Wednesday, November 25, 2009

Travel Week Continued

Er. Sorry again. It's been a busy week; I was up rather late last night studying for my ethnic studies test today, and thus never got around to posting last night.

So, where was I? Oh yes, Moscow. Well, after our bus tour finally wrapped up, I went back to my hotel room and just CRASHED...I feel bad for not trying to go see some of the local sites during the afternoon, but I was so worn out that I just wanted to get in a quick nap to offset my lack of sleep during the train ride. Around 4:30 - 5pm, I finally got up and decided to grab dinner with my friends Hillary and Claire. We didn't feel like spending the money to catch a metro ride into downtown Moscow, at least not on the first night, particularly considering how expensive Moscow prices can be. Instead, we decided to walk around the Ismailovsky district and see what sort of restaurants we could find there.

Oh, take a quick look up at the picture at the top of the page, by the way. (It's me and my friend Tom in front of St. Basil's Cathedral) Weather looks pretty decent, right? Maybe a little windy, but definitely dry. Now take a look at the picture below, which was taken less than six hours later.

Looks pretty damn cold, eh? Turns out that during the time that I spent napping in the hotel room, a mini-blizzard rolled into town and dropped close to four inches of snow on Moscow. Most of that fell during the time that the three of us were desperately looking for a restaurant in Ismailovsky...turns out, aside from wildly overpriced sushi joints, there isn't all that much to eat there. After half an hour of aimless wandering, we were getting a touch desperate (and starving)...guess where we finally ended up eating?


Yep, we went to Mickey D's. And it was glorious. Afterwards, we hit up a local produktii for some snacks and beers, and spent the rest of the bitterly cold evening in the nice warm hotel room, watching Indiana Jones dubbed into Russian. Good times.

Assuming I get back from the hockey game early enough, I'll post some more tomorrow....oh, did I forget to mention that? Well, I managed to get hockey tickets for the game tomorrow evening between CKA and Dynamo Riga (CKA is the St. Petersburg club which was formerly owned by the Red Army). Should be fun; I'll take LOTS of pictures, haha.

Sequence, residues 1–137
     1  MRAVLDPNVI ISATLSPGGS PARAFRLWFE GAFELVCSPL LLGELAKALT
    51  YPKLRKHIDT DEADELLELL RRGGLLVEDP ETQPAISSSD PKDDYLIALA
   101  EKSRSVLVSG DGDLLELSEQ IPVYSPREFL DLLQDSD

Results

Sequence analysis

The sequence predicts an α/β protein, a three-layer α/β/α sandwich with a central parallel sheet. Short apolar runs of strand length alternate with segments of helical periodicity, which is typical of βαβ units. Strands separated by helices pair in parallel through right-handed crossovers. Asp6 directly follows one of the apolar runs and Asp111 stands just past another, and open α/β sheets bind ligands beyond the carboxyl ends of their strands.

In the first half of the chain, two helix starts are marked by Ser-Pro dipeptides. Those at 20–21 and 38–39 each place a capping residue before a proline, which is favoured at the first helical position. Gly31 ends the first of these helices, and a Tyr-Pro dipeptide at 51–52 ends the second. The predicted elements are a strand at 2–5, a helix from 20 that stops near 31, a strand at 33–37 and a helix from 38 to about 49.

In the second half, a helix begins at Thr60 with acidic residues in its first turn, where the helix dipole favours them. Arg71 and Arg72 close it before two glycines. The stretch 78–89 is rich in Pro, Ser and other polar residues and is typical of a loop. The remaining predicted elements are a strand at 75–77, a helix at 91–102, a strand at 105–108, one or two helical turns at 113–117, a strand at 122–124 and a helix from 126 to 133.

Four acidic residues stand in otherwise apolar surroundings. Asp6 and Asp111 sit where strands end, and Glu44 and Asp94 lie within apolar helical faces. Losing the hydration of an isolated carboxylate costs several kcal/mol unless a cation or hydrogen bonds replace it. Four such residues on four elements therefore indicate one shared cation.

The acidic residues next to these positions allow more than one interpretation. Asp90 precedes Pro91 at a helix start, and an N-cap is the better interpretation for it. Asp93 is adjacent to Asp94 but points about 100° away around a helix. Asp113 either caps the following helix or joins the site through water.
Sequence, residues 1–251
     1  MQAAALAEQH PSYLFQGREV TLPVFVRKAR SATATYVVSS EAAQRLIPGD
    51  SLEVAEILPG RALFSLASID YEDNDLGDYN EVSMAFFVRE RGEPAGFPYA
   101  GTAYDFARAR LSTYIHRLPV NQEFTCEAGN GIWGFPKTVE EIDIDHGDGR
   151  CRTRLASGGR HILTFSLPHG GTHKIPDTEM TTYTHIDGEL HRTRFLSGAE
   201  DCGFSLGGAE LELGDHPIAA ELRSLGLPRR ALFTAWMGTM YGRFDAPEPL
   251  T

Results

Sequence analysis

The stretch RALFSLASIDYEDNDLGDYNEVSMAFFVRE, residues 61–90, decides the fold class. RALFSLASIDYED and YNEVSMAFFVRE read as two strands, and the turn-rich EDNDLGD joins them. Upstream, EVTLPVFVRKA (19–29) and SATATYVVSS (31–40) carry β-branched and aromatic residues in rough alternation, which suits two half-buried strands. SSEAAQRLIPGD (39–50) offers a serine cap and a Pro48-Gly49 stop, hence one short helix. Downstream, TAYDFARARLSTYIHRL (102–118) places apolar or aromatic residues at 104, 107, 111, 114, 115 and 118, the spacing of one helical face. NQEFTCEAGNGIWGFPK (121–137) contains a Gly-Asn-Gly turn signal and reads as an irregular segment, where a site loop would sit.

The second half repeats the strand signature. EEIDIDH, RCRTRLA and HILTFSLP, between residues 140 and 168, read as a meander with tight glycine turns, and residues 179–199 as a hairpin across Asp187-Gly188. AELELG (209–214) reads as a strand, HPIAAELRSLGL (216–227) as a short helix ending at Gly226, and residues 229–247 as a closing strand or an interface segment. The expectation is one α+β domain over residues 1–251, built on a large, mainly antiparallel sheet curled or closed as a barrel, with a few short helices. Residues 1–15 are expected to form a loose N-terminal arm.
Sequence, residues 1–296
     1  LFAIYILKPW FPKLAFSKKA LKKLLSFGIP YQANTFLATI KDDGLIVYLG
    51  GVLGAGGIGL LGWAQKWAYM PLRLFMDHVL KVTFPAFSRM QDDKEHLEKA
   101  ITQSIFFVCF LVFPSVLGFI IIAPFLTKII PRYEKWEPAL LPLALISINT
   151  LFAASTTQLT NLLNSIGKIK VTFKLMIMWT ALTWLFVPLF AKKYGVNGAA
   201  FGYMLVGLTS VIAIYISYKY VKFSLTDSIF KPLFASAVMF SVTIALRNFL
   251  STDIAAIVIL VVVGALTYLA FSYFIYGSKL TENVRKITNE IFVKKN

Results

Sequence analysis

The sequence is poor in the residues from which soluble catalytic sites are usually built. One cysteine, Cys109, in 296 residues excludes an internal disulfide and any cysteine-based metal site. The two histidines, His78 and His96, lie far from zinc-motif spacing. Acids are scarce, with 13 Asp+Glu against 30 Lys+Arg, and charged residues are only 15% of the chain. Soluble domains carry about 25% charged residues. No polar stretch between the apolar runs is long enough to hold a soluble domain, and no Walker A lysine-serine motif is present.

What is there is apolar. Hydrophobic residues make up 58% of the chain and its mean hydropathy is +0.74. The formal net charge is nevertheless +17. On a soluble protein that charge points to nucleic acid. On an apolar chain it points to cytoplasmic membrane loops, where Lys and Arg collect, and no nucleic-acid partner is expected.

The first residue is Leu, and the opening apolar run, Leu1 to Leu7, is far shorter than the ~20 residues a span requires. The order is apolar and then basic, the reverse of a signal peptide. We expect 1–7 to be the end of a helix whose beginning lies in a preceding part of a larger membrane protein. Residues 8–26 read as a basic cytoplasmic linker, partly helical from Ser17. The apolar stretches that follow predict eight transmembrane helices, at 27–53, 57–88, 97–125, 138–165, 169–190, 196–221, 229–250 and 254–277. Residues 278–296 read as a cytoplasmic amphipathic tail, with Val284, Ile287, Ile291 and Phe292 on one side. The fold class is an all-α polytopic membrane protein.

Wednesday, November 18, 2009

Summarizing Travel Week...if I can

I really wish I'd had some sort of reliable internet access over travel week, because then I would have been able to summarize each day individually...instead, I'm stuck trying to summarize the entire ten days, lazy bastard that I am. I'll try my best not to fall into the temptingly-easy pattern of bullet-pointing everything I did, so in this post, I will just stick to what I did in Moscow for the first three days. In the next one, I'll talk about Kazan, and so on from there.


We took an overnight train from St. Petersburg's Moskovskii Station...of all the trains I rode on during travel week, this was probably the only one that I can say I actually enjoyed at all. We were in a four-person room on a sleeper car, and for once, I wasn't stuck with one of the numerous crazies or assholes (of which our program seems to have a near-unlimited supply). I also got to watch the movie "The Big Lebowski" for the first time, which was a further plus.

The next morning, around 6-7 am, we arrived, whereupon we headed straight for the hotel for breakfast...and only breakfast. Since we were running a little behind schedule, we didn't even have time to put our luggage in our rooms, but instead had to file back on the bus for a city tour. We drove around for a while, while our guide did his best to hold everyone's attention with interesting facts and anecdotes about Muscovite history and geography. Unfortunately, most of us were dog-tired from the late ride (a substantial number were also hungover), and so only two or three of us were awake to listen to our guide's awesomely corny jokes.

When we finally arrived at St. Basil's, we were given approximately 45 minutes to rush around Red Square and take photos...hardly enough time to properly do justice to one of the most history-rich locations in the entire Russian Federation. Still, I did manage to get some awesome shots of the cathedral, the kremlin towers, and the State History Museum (plus G.U.M., the largest shopping mall in Russia), before we were whisked back aboard the bus to continue our city tour.